By: Terryce Boxley
How does one love something that the world has come to hate? How does one openly and unapologetically love something that society regularly slanders, dehumanizes, and simplifies? This may be the basal issue in the lack of self-love that I, as a black girl, have for myself. How do you love a black girl? It seems as though I should know the answer to that question. As a young girl, to be beautiful, my existence had to be modified.
My hair was too difficult to deal with, so the soul was taken out of it by perms. We are not allowed to exist as we are. Too often, little black girls lose the idea of a positive self-image in this struggle to be deemed worthy of the space that they occupy. Each thing we are told to do to conform – whether it is how we wear our hair, what music we listen to, who we date, who our friends are – whittles away at the possibility of having a positive view of not only ourselves, but our fellow black girls.
These continued abuses create a damaging attitude of self-hate and foster a culture of hopelessness. I can say that being attacked on all fronts – by family, peers, and society at large – made me question every move that I made. I felt that everything that I did was questioned by someone.
I was in the orchestra, liked to read books and liked alt rock, so I was too white (in other black peoples’ eyes); I went natural, so I had ruined my hair (in my family’s eyes); I was simply a black girl, so I could only act and look a certain way that I never quite fit into (to society at large). The policing of my identity by everyone but me created devastating insecurities. I still struggle with them today.
Black women’s existence has always been one of two extremes. On the one hand, society loves us: our bodies, our creativity, our spirits and our enduring strength through exploitation and abuse. On the other hand, they hate us. In my experience, who I am as a person, my feelings, and thoughts have been discounted and invalidated due to the simple fact that I am a black woman.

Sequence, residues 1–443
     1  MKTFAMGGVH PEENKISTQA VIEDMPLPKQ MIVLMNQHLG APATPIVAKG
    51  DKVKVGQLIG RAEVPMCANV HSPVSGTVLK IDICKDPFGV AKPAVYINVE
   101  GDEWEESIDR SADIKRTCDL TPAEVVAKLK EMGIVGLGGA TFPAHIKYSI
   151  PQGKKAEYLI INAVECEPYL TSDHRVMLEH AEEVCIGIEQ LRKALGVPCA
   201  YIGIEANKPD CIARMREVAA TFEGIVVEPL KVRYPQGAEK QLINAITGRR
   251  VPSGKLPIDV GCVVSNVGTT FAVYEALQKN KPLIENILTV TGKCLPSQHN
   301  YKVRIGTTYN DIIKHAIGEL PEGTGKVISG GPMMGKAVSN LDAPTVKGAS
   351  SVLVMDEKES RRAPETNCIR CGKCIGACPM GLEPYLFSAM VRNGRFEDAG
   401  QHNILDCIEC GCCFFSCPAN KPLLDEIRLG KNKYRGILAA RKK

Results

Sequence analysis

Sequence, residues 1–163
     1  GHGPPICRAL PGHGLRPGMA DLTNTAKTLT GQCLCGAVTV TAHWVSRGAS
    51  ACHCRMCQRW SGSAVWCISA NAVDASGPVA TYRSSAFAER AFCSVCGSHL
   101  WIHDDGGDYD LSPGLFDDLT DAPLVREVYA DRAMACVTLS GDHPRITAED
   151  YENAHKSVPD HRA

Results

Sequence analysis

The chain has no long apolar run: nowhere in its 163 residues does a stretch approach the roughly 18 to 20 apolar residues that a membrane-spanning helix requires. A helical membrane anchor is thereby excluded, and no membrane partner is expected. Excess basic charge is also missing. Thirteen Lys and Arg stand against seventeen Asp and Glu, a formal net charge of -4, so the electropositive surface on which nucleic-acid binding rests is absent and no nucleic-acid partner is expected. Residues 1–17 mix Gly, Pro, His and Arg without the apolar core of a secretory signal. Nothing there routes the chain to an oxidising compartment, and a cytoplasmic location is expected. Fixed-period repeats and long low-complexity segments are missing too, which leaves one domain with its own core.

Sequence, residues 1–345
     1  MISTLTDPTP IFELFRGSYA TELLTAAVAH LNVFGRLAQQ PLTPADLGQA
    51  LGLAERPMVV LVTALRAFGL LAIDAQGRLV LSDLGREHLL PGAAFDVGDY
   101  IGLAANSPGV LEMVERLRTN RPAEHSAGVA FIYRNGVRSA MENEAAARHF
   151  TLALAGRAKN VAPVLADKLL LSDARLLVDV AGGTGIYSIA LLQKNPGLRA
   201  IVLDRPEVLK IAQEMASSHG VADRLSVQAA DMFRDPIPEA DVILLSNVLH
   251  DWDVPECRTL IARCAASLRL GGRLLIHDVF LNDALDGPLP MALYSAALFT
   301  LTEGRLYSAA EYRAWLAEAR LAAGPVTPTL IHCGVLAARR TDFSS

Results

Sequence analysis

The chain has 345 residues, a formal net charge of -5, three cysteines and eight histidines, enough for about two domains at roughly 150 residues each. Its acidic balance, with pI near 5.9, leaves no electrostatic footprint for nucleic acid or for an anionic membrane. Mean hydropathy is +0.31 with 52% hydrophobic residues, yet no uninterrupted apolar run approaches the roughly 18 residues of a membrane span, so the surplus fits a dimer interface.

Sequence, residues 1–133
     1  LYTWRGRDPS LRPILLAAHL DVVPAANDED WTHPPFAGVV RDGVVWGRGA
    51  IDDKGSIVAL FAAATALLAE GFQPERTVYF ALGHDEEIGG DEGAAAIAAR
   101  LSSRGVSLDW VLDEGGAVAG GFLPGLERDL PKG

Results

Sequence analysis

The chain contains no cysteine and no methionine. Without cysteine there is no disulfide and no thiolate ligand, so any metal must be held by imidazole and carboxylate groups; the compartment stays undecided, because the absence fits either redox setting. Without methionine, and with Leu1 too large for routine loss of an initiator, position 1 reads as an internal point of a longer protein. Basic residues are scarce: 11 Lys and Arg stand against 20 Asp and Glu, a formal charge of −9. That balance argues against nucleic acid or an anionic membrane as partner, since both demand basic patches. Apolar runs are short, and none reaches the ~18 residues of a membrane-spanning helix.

We are only loved in one dimension (physically), it seems. This, in and of itself, is dehumanizing. It reminds me of the story of Sarah Baartman, a woman whose body was put on display for the world to see; whose humanity was erased. To see this trend permeating modern times is discouraging at best. How do you love a black girl?
We as black women/girls must liberate ourselves from the chains of societal expectations. We must not be caged by stereotypes. I think one of the things that the world hates the most is a black woman that truly loves herself and is not afraid to say so, and that is why they have made it so hard for us to love ourselves.
It’s beautiful and encouraging to see my fellow black women/girls embracing all of who they are and want to be – inside and out — without fear of punishment and condemnation from society. Going natural is what started the process of me rebuilding my self-image. I felt that it liberated me from what people expected of me and allowed me to define myself on my own terms, which was something that I’d never done before.
I finally took the time to tell myself that I could exist freely and be truly happy and simultaneously be loved and accepted. I threw away the idea that I had to fit into a certain box to be worthy of existing. I embraced the idea that I could exist just as I am because I rejected the self-hate mantras taught by the women of a subjugated people.
Our history in this country and in the world has caused our mothers, grandmothers and aunts to be harsh in trying to protect us from a world that is not kind or welcoming to us. It is my belief that they mean no harm, but the things they say and do in trying to mold us into the desired individual is damaging and has lasting effects.
We must grow out of this habit of policing young black girls’ identities to break the cycle of self-hate. The things that I see happening now are encouraging. Embracing our differences as black women has allowed so many of us to flourish as individuals, and it’s truly beautiful. It’ll go on to help future generations of black women conquer a world that seeks to destroy them at every turn. We’re beautiful, but we have to see it ourselves before anyone else can.